14 Delicious Words For Anyone Who Loves Their Food

iStock/Getty Images Plus/monkeybusinessimages
iStock/Getty Images Plus/monkeybusinessimages

It’s easy to think that when it comes to words related to food, English probably takes second place behind French, which has given us a whole glossary of culinary terms from ingredients and elements (béchamel, mirepoix, bouquet garni) to cooking methods and processes (fricassée, au gratin, chiffonade), to complete dishes and delicacies (cassoulet, apéritif, amuse-bouche, crudités). But what English lacks in words for dishes and delicacies, it more than makes up for in words to do with the end result—eating and enjoying food. Expand your vocabulary, as well as your Yule-hole, with these 14 words for food-lovers.

1. Junket

Nowadays, the word junket tends only to be used to refer to political or press junkets—trips for politicians or journalists, at another’s expense, for promotional purposes. At one time, however, a junket was a vast merrymaking feast or banquet, where food and drink were consumed in large amounts, which in turn derives from the earlier 16th-century use of junket to refer to a dainty sweet treat or delicacy.

2. Bouffage

Another word for a grand feast is bouffage, a term from the 17th century derived from an older French word for “any meat that (eaten greedily) fills the mouth and makes the cheeks to swell,” according to 17th century lexicographer Randle Cotgrave. Feel free also to call a large meal or fine food a spreadation (19th century), a waffle-frolic (18th century American English), and belly-cheer (16th century English).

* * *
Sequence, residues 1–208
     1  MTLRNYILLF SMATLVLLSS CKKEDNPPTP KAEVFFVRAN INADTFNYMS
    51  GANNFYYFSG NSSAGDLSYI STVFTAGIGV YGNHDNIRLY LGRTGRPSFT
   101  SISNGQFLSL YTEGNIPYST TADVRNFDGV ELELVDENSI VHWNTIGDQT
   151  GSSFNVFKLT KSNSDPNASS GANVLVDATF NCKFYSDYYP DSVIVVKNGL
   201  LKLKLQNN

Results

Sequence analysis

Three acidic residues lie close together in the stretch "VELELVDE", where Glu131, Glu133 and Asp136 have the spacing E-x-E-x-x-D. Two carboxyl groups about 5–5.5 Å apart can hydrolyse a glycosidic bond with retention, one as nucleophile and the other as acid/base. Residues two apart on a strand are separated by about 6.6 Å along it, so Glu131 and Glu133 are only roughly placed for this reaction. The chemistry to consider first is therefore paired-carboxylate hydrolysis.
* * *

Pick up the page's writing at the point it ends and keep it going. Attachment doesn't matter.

3. Gut-Gullie

Gut has been used to mean the stomach (or, originally, the abdomen and its contents) since the Old English period, and is the root of a host of gluttonous words like gut-foundered, which means hungry to the point of near starvation; gut-head, a 17th century word for someone who appears dull and slow witted from overeating; and gut-gullie, an old Scots dialect verb meaning to overeat or eat greedily.

4. Smell-Feast

Noah Webster gave two definitions for a smell-feast. One was “a feast at which the guests are supposed to feed upon the odors only of the viands,” but the word’s original meaning, dating back to the early 16th century, is “one who is apt to find and frequent good tables”—in other words, a scrounger or moocher who steals your food or expects you to feed them. And if you know anyone like that, you’ll likely need to the know the word ...

5. Groak

… or growk, which means to stare at someone intently and expectantly, hoping that they give you some of their food.

6. Linnard

The linnard is the last member of a group to finish their meal. An 18th-century dialect word from the southwest of England, traditionally the linnard would have their tardiness punished by being made to clean up afterwards.

7. Tarnisher

Tarnisher is an old Scots and Irish dialect word for a huge meal.

8. Forenoons

The forenoon is the portion of the day between waking up in the morning and midday, which makes a forenoons a brunch or a light snack taken between breakfast and lunch. A small snack eaten immediately after a meal, meanwhile, is a postpast, the opposite of which is an antepast, eaten as an appetizer or starter.

9. Rassasy

Dating back to the 15th century (and derived from the same root as words like satiate and satisfy), to rassasy someone is to satisfy them with a great meal, or else to satiate someone’s hunger with food.

10. Speustic